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Md. Court Rules Sex Offenders Who Committed Crimes Before 1995 Removed From Registry

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sex offenders, sex registry, registry
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WJZ general assignment reporter Mike Hellgren came to Maryland's News...
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ANNAPOLIS, Md. (WJZ) — A major and controversial court ruling could strike a quarter of all names off Maryland’s sex offender registry. It’s now just a question of when.

Investigative reporter Mike Hellgren has more on the fallout.

The offenders who sued argued this is a violation of their rights under Maryland’s constitution. But it essentially guts the database, which allowed anyone to know whether a sex offender is living next to them. And it’s unlikely there will be further appeals at the federal level.

Thousands of sex offenders will be wiped from Maryland’s online, searchable registry after the state’s highest court took issue with laws the General Assembly enacted in recent years.

They include making those convicted of sex offenses before the database started in 1995 retroactively register and making those who were only supposed to be on the registry for a few years register for life.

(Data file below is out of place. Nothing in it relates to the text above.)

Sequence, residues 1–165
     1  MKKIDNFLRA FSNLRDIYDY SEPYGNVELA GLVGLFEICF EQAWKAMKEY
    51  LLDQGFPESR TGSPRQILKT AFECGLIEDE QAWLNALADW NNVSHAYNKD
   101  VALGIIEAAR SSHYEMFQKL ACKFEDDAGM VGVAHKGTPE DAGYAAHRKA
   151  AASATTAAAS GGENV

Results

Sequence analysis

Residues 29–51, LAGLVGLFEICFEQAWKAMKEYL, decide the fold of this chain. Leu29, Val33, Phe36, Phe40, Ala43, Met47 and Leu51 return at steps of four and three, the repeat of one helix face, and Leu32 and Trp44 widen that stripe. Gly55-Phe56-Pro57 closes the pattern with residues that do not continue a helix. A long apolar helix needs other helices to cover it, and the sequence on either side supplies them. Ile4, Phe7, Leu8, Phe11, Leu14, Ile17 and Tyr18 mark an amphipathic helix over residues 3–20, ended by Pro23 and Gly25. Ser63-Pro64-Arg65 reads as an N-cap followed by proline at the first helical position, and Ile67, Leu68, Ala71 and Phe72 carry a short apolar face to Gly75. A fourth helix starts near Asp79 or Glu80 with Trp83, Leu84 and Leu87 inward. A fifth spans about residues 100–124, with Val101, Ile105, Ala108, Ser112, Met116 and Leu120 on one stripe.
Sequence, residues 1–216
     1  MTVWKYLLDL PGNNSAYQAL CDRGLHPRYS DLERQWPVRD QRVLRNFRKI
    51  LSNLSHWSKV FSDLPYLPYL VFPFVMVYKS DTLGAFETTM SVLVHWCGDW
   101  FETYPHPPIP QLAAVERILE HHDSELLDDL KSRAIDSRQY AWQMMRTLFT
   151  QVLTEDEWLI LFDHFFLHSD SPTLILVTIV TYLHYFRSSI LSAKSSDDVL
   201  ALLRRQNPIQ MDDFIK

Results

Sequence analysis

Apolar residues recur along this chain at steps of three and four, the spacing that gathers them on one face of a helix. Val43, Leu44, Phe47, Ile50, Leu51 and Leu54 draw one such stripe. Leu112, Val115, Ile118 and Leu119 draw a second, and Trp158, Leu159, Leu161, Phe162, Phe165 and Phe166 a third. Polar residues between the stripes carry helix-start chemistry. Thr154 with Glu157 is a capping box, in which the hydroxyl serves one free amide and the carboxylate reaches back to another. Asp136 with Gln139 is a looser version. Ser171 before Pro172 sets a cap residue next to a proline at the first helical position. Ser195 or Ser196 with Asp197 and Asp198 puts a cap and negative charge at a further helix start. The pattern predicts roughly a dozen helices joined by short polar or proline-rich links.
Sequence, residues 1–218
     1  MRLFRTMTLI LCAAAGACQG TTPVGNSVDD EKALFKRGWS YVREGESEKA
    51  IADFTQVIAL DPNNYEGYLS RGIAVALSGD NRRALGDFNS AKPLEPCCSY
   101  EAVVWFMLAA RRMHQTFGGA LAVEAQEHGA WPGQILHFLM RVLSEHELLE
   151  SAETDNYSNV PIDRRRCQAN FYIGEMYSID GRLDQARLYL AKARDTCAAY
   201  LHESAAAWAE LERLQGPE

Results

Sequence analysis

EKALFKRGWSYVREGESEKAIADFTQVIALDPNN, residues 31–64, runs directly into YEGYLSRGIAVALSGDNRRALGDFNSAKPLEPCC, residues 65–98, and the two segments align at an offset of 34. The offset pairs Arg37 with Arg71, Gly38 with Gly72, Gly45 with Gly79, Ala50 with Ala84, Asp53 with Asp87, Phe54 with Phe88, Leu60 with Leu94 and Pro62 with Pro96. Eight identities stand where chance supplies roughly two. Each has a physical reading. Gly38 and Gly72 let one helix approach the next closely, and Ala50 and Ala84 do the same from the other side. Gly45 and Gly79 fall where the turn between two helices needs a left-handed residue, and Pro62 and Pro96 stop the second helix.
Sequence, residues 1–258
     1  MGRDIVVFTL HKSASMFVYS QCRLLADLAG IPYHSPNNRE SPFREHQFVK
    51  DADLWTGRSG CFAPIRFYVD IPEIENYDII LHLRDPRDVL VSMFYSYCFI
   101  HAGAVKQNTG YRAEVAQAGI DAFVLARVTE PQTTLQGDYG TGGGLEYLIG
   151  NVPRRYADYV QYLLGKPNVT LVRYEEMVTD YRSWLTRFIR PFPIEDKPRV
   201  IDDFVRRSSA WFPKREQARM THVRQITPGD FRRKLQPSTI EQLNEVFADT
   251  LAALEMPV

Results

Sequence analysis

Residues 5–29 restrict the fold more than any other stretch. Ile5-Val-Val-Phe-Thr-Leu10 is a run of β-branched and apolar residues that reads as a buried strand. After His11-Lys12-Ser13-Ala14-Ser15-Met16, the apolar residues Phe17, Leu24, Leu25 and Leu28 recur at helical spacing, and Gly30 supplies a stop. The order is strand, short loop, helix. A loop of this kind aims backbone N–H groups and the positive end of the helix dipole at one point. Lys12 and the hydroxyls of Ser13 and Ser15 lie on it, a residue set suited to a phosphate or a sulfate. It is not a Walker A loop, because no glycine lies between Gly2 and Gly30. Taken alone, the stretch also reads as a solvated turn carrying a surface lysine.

The court believes that violates Maryland’s constitution–punishing people again for the same crime.

“We just can’t trust the registry as the primary line of defense for us,” said Lisae Jordan, executive director of the Maryland Coalition Against Sexual Assault.

Jordan was on the losing side of that battle, advocating for victims of sex crimes.

“Most sex offenders are not on the registry. What this decision does is it makes it even worse,” Jordan said.

It means those convicted before October 1995 must be removed.

There’s now a push for a solution. That could include making a registry that’s only accessible to law enforcement and not the general public.

Right now, there are around 8,000 names on the registry. The ruling impacts almost 2,000 of them.

“This is a wake-up call. We can’t rely on the registry,” Jordan said.

Nancy Forster is on the other side, representing two sex offenders who say their constitutional rights were violated.

“They believe it’s like being on probation for a lifetime, and it’s a shaming,” Forster said. “Folks started calling me and sitting across from me and breaking my heart with how it’s affecting their lives.”

The state must now decide when they’re going to start removing the names–themselves.

It is unclear whether that will be automatic or if offenders must request being scrubbed from the list. It could result in more lawsuits.

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